Others admitted that they were sometimes fearful of panhandlers.

“Sometimes I give. And to be honest, sometimes I get scared,” one young man said. “I’m new to the city, so I guess it all depends on how I’m feeling.”

Among the overwhelming majority of people who walked past panhandlers and the rare few who gave, was a small handful of those who didn’t give, but acknowledged the panhandler in some form.

One young man, who said, “Sorry, I can’t,” to a panhandler, told me, “I usually react kindly. I never ignore. I don’t think it’s wrong to not give your money if you don’t have it — I’m just out of college. But I do think it’s wrong to ignore someone.”

A fair portion of people who acknowledged the panhandlers, but didn’t give money, shared this outlook.

“If I could afford to always give, and to give generously, I would. But I can’t. And having to shuffle through the money in my wallet that I need to find a dollar bill I can spare sometimes makes me feel more ashamed than not giving at all,” one woman said. “So usually I just say ‘sorry’ and keep walking. But I’m not going to make another human being feel invisible.”


“At first, [being constantly ignored] wears on you,” said Bob’s friend, Christina, who was homeless and panhandled in the past. “But then you get so used to it, and it’s just whatever.”

Christina, her husband, Shane, and their newborn daughter were staying in a hotel, waiting for their affordable housing paperwork to go through. San Francisco has 40,000 households on the waiting list for public housing.

Bob said that before she was homeless, she used to ignore people asking for money on the street.

“I used to be one of those stuck-up people,” she said.

Christina claimed that people who appeared wealthy, especially, lacked understanding and gave her “rude looks.”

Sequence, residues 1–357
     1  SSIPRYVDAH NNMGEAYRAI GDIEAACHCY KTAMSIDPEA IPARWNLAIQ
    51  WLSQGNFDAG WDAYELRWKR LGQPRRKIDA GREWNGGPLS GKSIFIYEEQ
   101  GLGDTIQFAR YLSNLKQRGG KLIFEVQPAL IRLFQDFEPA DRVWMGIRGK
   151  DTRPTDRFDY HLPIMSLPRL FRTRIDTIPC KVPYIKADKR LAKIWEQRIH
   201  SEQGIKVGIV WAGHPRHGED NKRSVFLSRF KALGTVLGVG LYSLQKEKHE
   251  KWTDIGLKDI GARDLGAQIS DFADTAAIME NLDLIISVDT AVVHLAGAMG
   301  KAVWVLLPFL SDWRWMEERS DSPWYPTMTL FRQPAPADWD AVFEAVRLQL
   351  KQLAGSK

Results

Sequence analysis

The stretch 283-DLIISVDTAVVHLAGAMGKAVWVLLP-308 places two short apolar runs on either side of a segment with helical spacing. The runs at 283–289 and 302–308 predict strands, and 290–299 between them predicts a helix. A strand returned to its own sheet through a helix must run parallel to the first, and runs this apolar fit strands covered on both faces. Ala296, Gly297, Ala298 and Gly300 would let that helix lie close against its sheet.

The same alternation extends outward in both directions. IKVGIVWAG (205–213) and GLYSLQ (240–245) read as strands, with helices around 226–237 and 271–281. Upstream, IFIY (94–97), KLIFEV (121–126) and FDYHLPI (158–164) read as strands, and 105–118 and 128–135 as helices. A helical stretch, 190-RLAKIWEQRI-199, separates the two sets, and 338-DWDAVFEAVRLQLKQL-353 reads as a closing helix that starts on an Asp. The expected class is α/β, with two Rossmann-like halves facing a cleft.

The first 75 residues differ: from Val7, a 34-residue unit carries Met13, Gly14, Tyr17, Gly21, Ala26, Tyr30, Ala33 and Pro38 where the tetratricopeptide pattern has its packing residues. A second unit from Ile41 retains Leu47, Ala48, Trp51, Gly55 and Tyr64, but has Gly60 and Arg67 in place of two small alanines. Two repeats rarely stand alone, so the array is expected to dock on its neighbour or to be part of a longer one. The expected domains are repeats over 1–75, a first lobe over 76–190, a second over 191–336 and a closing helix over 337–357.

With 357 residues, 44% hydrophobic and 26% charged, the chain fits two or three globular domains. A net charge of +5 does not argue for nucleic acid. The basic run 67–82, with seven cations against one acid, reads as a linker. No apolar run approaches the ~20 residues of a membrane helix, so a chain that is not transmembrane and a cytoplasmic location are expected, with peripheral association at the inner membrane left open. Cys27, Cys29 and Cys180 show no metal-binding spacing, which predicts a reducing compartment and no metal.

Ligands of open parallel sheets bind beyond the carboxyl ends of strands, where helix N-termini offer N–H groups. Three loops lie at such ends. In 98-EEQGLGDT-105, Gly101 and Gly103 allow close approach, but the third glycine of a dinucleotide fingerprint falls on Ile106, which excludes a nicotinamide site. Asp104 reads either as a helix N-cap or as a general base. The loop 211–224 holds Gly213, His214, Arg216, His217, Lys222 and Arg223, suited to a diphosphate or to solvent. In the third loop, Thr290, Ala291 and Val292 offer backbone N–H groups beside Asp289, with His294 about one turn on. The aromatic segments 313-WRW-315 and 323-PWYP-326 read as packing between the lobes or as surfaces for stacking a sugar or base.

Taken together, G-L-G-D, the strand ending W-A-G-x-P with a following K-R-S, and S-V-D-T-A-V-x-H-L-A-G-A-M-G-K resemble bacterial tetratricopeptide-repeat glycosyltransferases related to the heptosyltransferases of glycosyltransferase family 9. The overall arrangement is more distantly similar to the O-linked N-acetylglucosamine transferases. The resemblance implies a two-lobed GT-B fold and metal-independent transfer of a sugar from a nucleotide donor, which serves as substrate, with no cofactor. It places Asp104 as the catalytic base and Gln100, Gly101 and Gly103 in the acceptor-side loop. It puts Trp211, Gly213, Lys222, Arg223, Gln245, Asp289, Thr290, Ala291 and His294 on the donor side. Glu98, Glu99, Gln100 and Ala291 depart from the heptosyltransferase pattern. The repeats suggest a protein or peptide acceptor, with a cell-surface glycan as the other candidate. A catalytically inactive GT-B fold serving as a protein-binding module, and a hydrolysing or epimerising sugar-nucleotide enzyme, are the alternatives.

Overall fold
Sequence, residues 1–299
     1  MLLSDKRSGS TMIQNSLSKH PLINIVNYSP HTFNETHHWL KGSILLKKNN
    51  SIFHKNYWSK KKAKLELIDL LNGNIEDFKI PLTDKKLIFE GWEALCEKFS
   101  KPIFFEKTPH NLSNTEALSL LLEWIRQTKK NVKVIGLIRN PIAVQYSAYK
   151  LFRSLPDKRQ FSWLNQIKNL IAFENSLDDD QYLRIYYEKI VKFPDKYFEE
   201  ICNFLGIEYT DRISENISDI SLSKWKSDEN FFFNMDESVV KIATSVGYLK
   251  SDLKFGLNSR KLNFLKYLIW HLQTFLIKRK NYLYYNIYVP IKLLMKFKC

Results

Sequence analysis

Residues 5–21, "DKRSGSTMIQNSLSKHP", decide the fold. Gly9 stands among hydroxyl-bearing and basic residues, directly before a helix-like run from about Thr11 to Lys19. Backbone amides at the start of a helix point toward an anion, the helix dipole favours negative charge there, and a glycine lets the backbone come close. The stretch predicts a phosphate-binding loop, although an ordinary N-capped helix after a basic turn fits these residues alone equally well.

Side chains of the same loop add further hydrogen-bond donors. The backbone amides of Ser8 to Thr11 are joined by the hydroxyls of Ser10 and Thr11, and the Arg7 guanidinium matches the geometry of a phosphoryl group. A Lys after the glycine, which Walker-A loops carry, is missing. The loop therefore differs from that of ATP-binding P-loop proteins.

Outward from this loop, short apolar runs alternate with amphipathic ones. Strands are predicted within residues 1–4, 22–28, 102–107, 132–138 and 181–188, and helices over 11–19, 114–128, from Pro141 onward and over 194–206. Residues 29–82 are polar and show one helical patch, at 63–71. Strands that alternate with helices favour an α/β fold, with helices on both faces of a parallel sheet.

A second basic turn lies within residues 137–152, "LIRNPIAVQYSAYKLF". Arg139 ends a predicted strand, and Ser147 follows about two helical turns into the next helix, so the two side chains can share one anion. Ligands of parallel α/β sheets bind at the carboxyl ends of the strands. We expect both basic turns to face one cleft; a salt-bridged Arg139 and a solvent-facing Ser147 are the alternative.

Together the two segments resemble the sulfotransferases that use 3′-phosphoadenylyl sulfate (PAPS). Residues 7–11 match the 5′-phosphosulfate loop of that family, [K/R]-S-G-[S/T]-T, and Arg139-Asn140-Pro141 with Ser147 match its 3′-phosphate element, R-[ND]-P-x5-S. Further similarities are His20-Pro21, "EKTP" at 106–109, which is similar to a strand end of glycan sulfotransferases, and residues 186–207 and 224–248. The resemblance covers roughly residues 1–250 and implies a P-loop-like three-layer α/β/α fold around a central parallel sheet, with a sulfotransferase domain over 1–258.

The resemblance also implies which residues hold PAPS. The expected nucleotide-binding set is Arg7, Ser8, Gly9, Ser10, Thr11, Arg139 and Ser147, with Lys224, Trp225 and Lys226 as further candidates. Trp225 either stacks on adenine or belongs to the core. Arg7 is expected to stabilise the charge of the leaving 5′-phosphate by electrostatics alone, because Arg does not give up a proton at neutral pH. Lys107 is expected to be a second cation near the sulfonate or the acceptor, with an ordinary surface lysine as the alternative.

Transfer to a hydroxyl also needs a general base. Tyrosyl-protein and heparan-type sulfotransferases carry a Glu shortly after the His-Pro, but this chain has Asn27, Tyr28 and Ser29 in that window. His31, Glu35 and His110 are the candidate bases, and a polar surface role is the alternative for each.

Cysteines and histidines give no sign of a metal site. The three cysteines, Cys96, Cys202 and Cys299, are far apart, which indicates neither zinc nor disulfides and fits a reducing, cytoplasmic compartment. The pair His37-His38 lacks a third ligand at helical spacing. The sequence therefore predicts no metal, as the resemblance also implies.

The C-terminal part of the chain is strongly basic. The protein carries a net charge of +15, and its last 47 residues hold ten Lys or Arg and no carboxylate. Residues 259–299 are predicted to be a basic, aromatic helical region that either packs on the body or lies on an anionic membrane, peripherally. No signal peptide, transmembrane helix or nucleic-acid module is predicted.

Another panhandler I spoke to named Ed, who was also waiting for government assistance to obtain affordable housing, reiterated this feeling.

“Lately, from what I’ve been seeing, it’s my working-class folks that will help me out,” he said. “You get a lot of rich people coming out of concerts and things and they’re like…” — he jerked his nose up toward the sky and walked a few steps.

These experiences corroborate with research that has found that wealthy Americans are not the most generous. But the research also found that those who live in areas, such as in cities, where poverty is visible, tend to be more charitable.

In San Francisco, poverty awareness and the ability to identify panhandlers played a big role in motivating people to give and/or acknowledge those asking for help. Still, many of those who gave as well as those who didn’t, were unable to explain their reasoning behind their actions.

That is why it is necessary to continue the conversation. The more we hear people’s stories and converse with them about how they treat those less fortunate, the more likely we can really start to deal with poverty. After all, the first step to truly address poverty is to examine our own reactions to it.

For Christina’s husband, Shane, it took his own struggle with being homeless to engage with poverty. He said he now makes a point of acknowledging panhandlers.

He said, “Now, I try to always say ‘sorry’ or something like that, and not ignore them.”

Alyssa Figueroa’s previous article,Do You Ignore Homeless People? was the first in this set of articles exploring how people react to panhandlers.

Alyssa Figueroa is an associate editor at AlterNet. Follow her on Twitter @alyssa_fig.

Thanks to Alternet.